The unforgettable pet: Moon, the stunning yet clumsy doberman, who accidentally burned his testicles in scorching tea.

He exclusively consumed tripe, possessed the strength comparable to an ox, and had a knack for losing his way. A frequent visitor of the local police station, his misadventures became legendary.

One day, my mother went to pick up my 10-year-old brother from school. She arrived accompanied by a large brown doberman. “Whose dog is that?” he inquired.

“It’s ours,” she replied. “His name is Moon.”

This marked the arrival of Moon into our lives. Being the oldest sibling, I had a hunch that something like this might happen. Mom had mentioned that she was going to visit a family who was struggling with a young dog. When she got there, she instantly fell in love with Moon (the family’s chosen name, but a good one nonetheless). And that’s how he ended up coming home with her.

In 1984, labradors and collies were the typical choice for families like ours, hailing from the middle class and residing in the home counties. However, we somehow ended up with a doberman, and here’s why: dad found them visually appealing, whereas mom opined that the more commonly seen black and tan dobermans (famous as guard dogs in Magnum PI and second world war films) seemed too fierce. Brown ones appeared softer, hence we settled for a brown doberman.

At first glance, Moon was an impressive sight. He was on the larger side, lean, and well-built. He boasted an illustrious pedigree and had an almost regal profile. Moreover, his lovely temperament defied the breed’s reputation. However, intelligence was not his strong suit. We struggled to teach him anything beyond “come” and “sit”, with the former being treated as optional by him.

Moon’s idea of going for a walk was as follows: “You take me out for 30 minutes, then I’ll spend the rest of the day chasing the local muntjac deer, only returning after dark, covered in mud and sporting cuts from brambles.” During my teenage years, a significant portion of my time was spent wandering around the nearby common area, shouting: “Moon!” On one occasion, he went missing for 12 hours, which led us to contact the local police station. “Do you happen to have a brown doberman?” we inquired.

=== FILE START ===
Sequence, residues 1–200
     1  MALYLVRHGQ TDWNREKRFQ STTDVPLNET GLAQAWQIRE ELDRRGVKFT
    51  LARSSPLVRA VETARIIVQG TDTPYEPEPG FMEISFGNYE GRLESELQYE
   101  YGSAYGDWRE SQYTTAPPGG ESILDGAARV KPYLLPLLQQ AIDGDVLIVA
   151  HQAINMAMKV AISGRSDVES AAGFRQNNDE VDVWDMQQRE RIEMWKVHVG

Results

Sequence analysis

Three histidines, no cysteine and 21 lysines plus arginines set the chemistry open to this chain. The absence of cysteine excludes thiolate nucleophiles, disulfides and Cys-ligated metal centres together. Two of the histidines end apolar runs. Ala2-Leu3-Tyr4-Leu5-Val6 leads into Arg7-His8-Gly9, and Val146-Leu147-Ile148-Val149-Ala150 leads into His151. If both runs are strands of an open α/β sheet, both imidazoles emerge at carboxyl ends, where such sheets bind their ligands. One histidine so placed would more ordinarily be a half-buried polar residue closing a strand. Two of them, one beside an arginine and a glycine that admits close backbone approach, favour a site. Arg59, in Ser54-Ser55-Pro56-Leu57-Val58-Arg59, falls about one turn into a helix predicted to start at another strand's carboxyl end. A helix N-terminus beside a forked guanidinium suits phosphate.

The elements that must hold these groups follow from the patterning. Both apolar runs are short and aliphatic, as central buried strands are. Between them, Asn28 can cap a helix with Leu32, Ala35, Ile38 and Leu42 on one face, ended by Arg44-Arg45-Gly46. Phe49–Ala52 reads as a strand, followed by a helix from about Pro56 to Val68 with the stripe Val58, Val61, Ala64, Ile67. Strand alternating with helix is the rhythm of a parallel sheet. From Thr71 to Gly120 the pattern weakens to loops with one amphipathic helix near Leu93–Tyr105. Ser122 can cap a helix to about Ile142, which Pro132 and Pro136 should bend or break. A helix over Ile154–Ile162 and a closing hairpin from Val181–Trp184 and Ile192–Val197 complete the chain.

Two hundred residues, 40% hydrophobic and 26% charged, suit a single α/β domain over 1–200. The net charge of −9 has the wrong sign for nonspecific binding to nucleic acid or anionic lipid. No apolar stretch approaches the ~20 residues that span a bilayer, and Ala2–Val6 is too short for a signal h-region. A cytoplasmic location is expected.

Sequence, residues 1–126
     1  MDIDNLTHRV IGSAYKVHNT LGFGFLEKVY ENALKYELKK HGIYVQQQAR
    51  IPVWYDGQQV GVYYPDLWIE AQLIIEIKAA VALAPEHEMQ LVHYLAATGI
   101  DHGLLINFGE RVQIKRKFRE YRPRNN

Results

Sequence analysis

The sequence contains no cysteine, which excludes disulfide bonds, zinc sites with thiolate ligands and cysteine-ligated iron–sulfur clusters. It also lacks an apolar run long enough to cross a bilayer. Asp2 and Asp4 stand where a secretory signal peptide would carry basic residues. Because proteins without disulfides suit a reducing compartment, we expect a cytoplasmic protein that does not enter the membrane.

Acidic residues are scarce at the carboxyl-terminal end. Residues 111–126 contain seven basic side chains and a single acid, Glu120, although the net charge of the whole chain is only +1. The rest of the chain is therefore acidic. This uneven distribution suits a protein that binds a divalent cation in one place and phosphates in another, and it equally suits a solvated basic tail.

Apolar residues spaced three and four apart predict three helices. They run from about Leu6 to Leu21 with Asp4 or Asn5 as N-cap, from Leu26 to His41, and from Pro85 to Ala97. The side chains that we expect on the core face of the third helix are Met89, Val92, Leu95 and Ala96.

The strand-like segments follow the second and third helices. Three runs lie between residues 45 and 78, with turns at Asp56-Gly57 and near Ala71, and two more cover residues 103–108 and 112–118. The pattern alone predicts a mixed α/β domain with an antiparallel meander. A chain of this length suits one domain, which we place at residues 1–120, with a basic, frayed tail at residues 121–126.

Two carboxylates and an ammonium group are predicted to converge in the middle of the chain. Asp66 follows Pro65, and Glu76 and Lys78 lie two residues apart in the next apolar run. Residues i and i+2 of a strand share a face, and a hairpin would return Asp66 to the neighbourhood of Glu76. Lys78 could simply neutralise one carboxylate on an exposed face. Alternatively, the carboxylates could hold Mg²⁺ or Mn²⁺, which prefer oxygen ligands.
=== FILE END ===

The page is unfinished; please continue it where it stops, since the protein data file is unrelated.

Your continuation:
“Is he beautiful but incredibly silly and dim-witted?” the woman on the other end responded. From then on, Moon became a regular visitor to the local police station.

As we grew up, our household was filled with children, and Moon was considered one of the gang. He would scatter the back lawn with sticks, as if it were a hobby of his. His strength was remarkable; if you put him on a lead, he would pull you along on a skateboard. He once even managed to pull my grandmother off her feet. His diet solely consisted of tripe, which I found revolting.

Everyone had their favorite Moon anecdote: Moon welcoming us at the door with a kilo of cheese in his mouth, Moon attempting to navigate between trees that were two meters apart while clutching a stick measuring three meters in length, Moon accidentally bumping into a coffee table and momentarily dipping his testicles into a cup of scalding tea, Moon unexpectedly appearing during a Christmas Eve walk with a quarter of a turkey in his mouth.

While writing this piece, I came across information stating that dobermans are considered one of the most intelligent dog breeds. However, this does not align with my own experience. Moon may have been good-looking and athletic, but in terms of intelligence, he was more akin to Homer Simpson. Even to this day, 30 years later, whenever I encounter a smart and well-trained dog, I can’t help but think: “Not like Moon.”

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